According to the post, the House Appropriations Committee-approved plan to divide up 2014 discretionary funding among the 12 appropriations subcommittees would lead to deep cuts in a broad range of non-defense areas and shift tens of billions of dollars from domestic programs to defense and other security programs, our new analysis explains.
Total discretionary funding under the plan would equal the amount that the Budget Control Act (BCA) allows if sequestration continues next year as scheduled. But the plan gives defense programs much more funding than the BCA allows under sequestration, raising them close to the BCA cap before sequestration. And it gives non-defense programs much less funding than the BCA allows under sequestration.
But, if policymakers took the opposite approach, raising non-defense programs close to the pre-sequestration level, they would have to cut defense programs by about 10 percent below their current level.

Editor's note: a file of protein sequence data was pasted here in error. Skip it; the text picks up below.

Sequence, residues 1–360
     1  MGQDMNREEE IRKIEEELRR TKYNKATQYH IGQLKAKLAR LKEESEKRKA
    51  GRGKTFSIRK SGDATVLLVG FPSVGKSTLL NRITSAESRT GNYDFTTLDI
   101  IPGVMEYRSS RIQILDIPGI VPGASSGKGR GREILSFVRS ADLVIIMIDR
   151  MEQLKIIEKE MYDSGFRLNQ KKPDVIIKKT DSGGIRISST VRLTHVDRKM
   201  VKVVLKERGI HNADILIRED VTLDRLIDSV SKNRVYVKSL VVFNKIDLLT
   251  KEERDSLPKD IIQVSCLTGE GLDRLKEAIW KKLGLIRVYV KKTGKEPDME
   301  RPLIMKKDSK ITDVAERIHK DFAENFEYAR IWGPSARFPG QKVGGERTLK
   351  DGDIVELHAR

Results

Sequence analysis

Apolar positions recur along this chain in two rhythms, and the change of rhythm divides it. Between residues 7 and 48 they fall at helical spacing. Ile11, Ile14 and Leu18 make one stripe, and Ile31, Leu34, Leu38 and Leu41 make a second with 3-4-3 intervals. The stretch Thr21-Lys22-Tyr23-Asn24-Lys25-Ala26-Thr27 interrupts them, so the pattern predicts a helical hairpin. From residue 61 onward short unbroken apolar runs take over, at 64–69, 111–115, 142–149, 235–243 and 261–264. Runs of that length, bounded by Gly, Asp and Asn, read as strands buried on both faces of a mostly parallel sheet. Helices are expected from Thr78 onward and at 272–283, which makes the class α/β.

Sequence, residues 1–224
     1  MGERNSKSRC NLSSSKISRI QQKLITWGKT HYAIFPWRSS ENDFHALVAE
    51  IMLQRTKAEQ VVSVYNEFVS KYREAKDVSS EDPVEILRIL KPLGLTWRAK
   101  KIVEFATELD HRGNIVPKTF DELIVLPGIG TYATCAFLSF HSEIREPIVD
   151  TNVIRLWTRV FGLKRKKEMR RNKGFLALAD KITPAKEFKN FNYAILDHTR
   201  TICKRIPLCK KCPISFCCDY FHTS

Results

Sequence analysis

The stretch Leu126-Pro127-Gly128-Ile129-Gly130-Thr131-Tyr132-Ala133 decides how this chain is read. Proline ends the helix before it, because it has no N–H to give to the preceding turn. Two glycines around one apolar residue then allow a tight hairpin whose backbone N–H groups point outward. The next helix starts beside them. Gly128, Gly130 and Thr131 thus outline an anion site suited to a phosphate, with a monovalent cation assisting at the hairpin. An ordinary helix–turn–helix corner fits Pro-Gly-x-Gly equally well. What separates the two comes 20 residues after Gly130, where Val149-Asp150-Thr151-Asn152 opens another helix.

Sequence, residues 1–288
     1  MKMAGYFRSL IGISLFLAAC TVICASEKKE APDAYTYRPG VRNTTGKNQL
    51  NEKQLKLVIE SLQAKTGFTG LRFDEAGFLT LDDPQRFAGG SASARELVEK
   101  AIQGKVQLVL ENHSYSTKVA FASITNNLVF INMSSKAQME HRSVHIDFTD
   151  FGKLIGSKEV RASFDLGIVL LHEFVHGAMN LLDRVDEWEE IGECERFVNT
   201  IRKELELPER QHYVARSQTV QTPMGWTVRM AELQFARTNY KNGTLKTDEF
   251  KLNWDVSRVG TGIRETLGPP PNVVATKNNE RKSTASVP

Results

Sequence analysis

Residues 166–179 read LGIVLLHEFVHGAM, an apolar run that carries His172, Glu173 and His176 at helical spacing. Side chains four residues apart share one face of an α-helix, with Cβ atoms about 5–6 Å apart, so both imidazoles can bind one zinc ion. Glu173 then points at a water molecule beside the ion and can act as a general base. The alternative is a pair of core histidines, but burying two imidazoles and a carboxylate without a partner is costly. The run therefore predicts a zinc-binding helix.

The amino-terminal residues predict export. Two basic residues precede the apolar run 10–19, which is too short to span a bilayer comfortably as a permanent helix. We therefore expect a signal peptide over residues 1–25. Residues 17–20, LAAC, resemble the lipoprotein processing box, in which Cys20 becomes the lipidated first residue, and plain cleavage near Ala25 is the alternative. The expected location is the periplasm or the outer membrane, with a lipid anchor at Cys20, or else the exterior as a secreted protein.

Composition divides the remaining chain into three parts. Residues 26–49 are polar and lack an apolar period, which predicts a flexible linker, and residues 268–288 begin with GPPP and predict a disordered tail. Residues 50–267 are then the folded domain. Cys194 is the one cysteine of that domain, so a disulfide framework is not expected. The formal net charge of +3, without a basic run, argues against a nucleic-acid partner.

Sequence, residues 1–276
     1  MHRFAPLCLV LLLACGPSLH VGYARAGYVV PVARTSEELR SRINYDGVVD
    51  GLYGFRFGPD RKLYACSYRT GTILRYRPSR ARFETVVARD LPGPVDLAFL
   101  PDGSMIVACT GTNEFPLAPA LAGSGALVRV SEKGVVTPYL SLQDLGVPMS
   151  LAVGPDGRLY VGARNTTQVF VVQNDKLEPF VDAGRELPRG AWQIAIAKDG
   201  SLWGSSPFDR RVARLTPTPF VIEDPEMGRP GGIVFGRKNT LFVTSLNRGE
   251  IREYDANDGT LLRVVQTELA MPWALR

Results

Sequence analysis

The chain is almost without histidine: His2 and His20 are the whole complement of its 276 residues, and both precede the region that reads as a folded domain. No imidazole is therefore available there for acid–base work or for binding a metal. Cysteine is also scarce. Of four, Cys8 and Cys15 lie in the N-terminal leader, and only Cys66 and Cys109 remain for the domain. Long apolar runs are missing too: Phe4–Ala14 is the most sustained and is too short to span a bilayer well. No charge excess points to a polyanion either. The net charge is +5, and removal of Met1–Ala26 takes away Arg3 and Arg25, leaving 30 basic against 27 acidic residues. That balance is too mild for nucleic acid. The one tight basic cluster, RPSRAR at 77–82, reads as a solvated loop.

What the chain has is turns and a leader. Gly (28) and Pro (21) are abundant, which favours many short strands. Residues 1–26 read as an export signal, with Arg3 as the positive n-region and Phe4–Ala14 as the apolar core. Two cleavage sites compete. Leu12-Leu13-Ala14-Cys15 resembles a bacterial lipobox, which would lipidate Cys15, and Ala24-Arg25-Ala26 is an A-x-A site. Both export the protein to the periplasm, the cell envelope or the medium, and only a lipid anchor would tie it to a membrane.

The plan makes clear that if overall discretionary funding remains at the post-sequestration level in 2014, policymakers can protect funding in one major area only by making deeper cuts in other areas. The fundamental problem is that the overall funding level for discretionary programs under sequestration is too low.
The Administration threatened earlier this week to veto the first appropriations bill based on the plan (H.R. 2216, which funds military construction, veterans’ programs, and related programs), stating, “adhering to the overall spending limits in the House Budget’s topline discretionary level for fiscal year (FY) 2014, would hurt our economy and require draconian cuts to middle-class priorities.”